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|UK wheat price 'to drop to £165 a tonne' - HSBC
By Agrimoney.com - Published 29/11/2012
UK growers should be prepared for a drop in wheat prices which HSBC cautioned could be in for a slump of some 30%, despite continuing setbacks in even getting winter crop sown.
The bank, a major lender to UK farmers, in a report outlining 2013 agriculture forecasts, pegged the average UK wheat price next year at £165 a tonne – a level not seen since March on London futures.
London's current spot contract, January, was trading at £227.00 a tonne on Thursday, with the average at £222 a tonne for the five 2013 contracts.
However, while rain may continue to be plaguing UK farmers - prompting them to cut wheat sowing hopes to the lowest in more than a decade, and leaving 30% of winter crop area still unplanted – the market was vulnerable to the potential for a better world crop, Allan Wilkinson, HSBC Bank's head of agriculture, said.
'Governed by world events'
"The UK crop in the context of the world crop is not is not important," Mr Wilkinson told Agrimoney.com.
"We are governed by world events. We do not shape world events," in the cereals sector.
Furthermore, while £165 a tonne was lower than headline prices, it was "not that far short" of values farmers were currently receiving for 2012 crop, once penalties for its low quality were factored in.
The comments follow a core autumn sowing period which, for most of the European Union and Black Sea area has been "favourable", European Commission researchers said earlier this week, flagging the UK, France and parts of Russia as exceptions.
Even then, Arkady Dvorkovich, the Russian deputy prime minister, on Thursday said that the Russian winter grains data pointed to a "good harvest" in 2013.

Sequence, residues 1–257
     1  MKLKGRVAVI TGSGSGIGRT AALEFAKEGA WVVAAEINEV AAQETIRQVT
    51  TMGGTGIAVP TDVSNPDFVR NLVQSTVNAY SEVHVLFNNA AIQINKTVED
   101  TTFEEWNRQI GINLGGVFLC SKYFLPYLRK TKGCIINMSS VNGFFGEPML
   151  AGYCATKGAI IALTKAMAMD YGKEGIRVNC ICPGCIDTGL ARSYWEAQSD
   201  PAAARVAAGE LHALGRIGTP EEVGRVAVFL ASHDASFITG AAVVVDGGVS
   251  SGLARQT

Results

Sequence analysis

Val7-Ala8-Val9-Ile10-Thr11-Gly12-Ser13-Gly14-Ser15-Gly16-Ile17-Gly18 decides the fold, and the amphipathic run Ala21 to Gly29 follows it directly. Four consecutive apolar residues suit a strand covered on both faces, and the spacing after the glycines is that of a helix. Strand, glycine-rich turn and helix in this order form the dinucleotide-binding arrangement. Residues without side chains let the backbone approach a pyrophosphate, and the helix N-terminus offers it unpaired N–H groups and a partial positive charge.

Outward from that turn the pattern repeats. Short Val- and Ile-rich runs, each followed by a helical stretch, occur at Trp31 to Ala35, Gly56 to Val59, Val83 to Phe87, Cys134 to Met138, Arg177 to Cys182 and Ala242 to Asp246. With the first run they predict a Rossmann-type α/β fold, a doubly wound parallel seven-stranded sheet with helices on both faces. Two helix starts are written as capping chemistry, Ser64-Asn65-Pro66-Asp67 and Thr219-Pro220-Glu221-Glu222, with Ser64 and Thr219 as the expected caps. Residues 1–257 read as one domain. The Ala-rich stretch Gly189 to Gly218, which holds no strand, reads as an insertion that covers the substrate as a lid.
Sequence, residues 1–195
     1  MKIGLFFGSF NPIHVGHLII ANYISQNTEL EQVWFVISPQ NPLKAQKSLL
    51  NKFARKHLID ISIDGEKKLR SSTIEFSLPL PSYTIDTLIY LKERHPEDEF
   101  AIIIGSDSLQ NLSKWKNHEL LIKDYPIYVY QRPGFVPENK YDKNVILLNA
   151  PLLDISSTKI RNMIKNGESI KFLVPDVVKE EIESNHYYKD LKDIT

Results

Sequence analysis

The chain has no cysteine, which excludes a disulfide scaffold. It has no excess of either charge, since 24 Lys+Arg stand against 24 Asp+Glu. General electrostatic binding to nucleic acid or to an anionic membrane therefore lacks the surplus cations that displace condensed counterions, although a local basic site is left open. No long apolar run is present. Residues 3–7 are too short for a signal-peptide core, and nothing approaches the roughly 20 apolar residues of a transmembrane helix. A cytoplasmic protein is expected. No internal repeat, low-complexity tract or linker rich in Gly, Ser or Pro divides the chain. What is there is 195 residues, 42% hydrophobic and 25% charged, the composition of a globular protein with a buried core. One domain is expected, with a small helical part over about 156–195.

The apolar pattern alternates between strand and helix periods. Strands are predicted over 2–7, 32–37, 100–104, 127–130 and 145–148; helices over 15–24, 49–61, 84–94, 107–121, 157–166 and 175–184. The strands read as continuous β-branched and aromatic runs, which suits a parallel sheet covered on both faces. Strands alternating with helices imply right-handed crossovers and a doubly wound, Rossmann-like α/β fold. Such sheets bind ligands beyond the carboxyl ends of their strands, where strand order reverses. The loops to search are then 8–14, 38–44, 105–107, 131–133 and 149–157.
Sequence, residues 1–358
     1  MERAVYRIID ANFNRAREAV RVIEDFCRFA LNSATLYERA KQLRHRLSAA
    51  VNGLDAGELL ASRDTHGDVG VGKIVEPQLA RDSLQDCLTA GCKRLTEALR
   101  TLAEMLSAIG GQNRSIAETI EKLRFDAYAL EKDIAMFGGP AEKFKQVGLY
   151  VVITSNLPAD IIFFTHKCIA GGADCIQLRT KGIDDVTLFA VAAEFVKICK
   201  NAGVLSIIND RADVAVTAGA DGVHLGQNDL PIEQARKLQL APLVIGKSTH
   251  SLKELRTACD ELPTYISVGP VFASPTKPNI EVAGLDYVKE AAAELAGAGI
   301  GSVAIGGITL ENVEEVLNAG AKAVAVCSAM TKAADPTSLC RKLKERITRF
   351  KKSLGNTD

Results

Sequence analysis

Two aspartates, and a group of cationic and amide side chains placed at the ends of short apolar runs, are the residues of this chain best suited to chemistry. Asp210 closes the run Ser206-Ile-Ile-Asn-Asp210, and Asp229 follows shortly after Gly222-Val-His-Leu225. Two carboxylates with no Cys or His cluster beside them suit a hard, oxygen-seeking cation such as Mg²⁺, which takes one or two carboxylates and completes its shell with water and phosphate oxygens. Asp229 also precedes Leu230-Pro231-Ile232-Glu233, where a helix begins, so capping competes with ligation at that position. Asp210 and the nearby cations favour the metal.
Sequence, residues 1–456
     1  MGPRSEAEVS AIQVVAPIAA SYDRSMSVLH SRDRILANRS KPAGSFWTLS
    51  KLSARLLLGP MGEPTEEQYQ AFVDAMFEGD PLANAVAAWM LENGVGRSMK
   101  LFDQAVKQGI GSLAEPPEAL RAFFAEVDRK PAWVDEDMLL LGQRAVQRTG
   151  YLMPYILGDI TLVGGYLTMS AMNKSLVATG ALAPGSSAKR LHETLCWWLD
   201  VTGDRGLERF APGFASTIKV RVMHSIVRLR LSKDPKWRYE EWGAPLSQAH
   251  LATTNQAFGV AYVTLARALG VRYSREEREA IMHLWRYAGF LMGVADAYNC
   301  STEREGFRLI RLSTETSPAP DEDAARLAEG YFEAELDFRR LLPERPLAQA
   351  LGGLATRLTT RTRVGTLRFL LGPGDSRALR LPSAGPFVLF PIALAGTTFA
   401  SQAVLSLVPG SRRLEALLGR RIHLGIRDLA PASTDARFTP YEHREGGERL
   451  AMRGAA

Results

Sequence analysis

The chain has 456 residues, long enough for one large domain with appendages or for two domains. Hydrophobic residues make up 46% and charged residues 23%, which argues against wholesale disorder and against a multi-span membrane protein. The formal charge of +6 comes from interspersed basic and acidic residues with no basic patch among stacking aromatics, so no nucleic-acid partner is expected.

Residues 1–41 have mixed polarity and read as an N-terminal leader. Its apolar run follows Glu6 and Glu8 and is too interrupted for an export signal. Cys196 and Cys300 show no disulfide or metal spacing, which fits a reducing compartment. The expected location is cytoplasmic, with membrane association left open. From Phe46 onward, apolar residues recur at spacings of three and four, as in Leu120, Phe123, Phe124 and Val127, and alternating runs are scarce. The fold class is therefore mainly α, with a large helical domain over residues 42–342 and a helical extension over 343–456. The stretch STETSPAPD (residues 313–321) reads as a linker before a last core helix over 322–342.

One major setbacks to wheat hopes is in the US, where the crop is entering dormancy in its worst condition on records going back to the 1980s.
Nonetheless, the International Grains Council on Thursday forecast world wheat area reaching harvest in 2013 rising to its highest in 15 years.
'Driven by global forces'
Mr Wilkinson's comments were echoed by Jack Watts at the UK's HGCA crop bureau, who said that, despite the poor domestic conditions, "it is important that farmers do not get complacent towards current high prices.
"Markets are driven by global forces largely irrespective of what is happening in the UK."
Mr Watts earlier this month flagged the potential for options as a means for producers worried that they may be unable to get crop into the ground to lock-in historically high prices for 2013 crop.
Traders at a major European commodities house flagged the potential for prices to drop earlier next year, if UK farmers hold out too long selling 2012 crop, at a time of surging imports.
The traders asked: "Does this then leave us with a lump of wheat to ship come April-June in the face of new crop," ie with supplies from the 2013 harvest close to coming onstream?
Given the low quality of this year's wheat currently in bins, "the market could drop at least E20 a tonne to find demand, given today's price parities".
Mr Wilkinson's comments came as the bank launched a report projecting farm returns for 2013 in a range of markets, showing wheat farmers on potentially for a net margin of £45.00 a tonne, factoring in variable costs of £51.20 a tonne, and overheads of £68.80 a tonne.
For milling wheat, the margin for a good-yielding crop, of some 9.5 tonnes per hectare, was pegged at £53.20 a tonne, including a £20-a-tonne milling premium.
For spring barley - in which farmers look set to plant their biggest area in living memory, seed allowing – the net margin was put at £53.00 a tonne, factoring in a £25.00 a tonne malting premium.
'Supply chains have to be viable'
In the livestock sector, a producer with a 210-cow farm can expect a surplus of some £38,000 in England, including support payments, and factoring in a milk price of 27.0p, below the 29.06p received in January, according to data from the DairyCo dairy bureau.
"We are mindful of the global market, and that supply chains have to be viable," Mr Wilkinson said, at the end of a year which has seen two UK processors merged into foreign rivals.
Mixed lowland cattle and sheep farmers were seen offering a return of at best £11,352, in Wales, with store cattle operations, and hill farms, seen running at a loss, before support payments.
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